Delta dropped some major policy extensions while I was in Iceland last week:
- Elite status will be extended, once again, through 1/31/23.
- Upgrade certificates, Delta AMEX flight credits, companion certificates, and Sky Club guest passes will be extended, once again, through 1/31/23.
- All MQMs earned in 2020 and 2021 will roll over to 2022.
- Award tickets will continue to earn MQMs, MQDs, and MQSs through 12/31/22.
- Basic economy tickets for travel through 12/31/21, can be changed for free.
- Flights booked in 2021 are valid for travel through 12/31/22.
Delta’s hold times during the pandemic have been legendary and they’re promising to work on that.
Delta is also promising to give upgrade priority to members who requalified for status in 2021 ahead of other members in their tier.
Elite loyalty programs have had a tough conundrum this year. There are many elite business travelers who have not flown for their company since before the pandemic.
Last year the decision to extend elite status expiring in January 2021 to January 2022 was an easy one. Most people weren’t flying last year anyway and airlines extended status early in the year.
This year has been much trickier. On the one hand, airlines don’t want to give everyone a free pass, as that would discourage people from trying to renew their elite status. On the other hand, airlines don’t want to turn loyal business passengers into free agents when they are not flying for work.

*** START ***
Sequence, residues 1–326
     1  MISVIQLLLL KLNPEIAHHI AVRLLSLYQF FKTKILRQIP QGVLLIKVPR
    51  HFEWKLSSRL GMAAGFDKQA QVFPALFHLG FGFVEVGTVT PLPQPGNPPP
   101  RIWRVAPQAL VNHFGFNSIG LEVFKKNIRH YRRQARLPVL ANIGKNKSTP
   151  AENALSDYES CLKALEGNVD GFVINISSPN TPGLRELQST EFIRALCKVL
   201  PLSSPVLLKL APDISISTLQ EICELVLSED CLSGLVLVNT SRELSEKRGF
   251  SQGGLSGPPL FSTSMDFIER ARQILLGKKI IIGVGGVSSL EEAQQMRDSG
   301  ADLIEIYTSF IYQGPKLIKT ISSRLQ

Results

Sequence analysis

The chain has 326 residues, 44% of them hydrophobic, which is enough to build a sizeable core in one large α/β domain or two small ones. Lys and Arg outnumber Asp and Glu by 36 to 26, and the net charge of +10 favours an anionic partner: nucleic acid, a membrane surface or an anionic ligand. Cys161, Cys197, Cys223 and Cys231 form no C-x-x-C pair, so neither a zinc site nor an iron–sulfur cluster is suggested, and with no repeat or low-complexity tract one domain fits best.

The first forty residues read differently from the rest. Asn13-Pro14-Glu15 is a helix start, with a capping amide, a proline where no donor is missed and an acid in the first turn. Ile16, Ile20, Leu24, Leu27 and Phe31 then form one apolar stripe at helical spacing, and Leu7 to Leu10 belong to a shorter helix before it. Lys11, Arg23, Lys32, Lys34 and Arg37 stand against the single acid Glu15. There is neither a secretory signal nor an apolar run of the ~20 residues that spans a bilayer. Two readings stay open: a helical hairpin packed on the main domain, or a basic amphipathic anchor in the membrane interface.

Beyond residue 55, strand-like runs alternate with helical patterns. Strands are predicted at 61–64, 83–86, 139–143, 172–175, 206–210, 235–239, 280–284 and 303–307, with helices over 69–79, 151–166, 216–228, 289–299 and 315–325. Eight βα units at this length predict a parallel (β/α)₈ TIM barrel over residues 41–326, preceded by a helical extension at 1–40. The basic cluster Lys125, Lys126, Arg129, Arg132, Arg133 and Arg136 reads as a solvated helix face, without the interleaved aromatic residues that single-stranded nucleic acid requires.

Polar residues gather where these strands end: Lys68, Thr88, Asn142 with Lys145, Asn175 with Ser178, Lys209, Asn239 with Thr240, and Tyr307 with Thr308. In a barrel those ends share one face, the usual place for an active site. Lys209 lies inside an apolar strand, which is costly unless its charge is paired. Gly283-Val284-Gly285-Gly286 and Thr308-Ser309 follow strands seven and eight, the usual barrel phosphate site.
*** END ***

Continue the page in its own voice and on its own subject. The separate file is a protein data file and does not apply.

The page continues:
Delta’s solution to avoid angering elite members who already requalified for elite status in 2021 is a creative one. Upgrades are a big reason why people try to earn elite status, so upgrade priority is a big deal.
So where are American and United?
They have already extended status for their best customers with unpublished elite status. United kicked off status extensions by extending Global Services status through 1/31/23. American did the same for Concierge Key elites and Delta extended it for 360 elites.
As for published elite tiers, those airlines already have lowered the requirements to earn elite status several times. If not for Delta’s moves, they probably would feel comfortable with what they have already done.
American has made it particularly easy to requalify for status, requiring just $2,000 in AA flights from 9/1-12/31 or $15,000 of any spending on American credit cards from 7/15-11/15.
But American and United may feel there is little benefit to announcing a status extension now. Their preference will always be to let people keep flying to earn status and see what to do afterward based on how many elites requalified. Should they decide to extend status, they can just copy Delta’s upgrade priority offer or offer another giveback to placate elites who requalified this year.
I think that United in particular will have to do more, but the odds are good that both American and United are going to have to extend elite status for everyone. The cost not to do so is simply higher than the cost of extending status and that’s even more true now that Delta is extending status for everyone. However as there’s little benefit to announcing that early, we’ll have to wait and see when and if they will decide to do so.
Hotels are likely going to be in the same boat, and airlines extending status will create pressure for them to extend status and certificates yet again, despite making it easier to earn status this year.
While airlines and hotels are busy with leisure travel now, that typically switches to business travel in September. With the COVID delta variant spreading across the globe, that business travel is highly unlikely to return this year, giving even more reason for travel companies to hold onto their pre-pandemic elite members and not have them become free agents and start looking for status matches.
What do you think American, United, and hotel chains will do?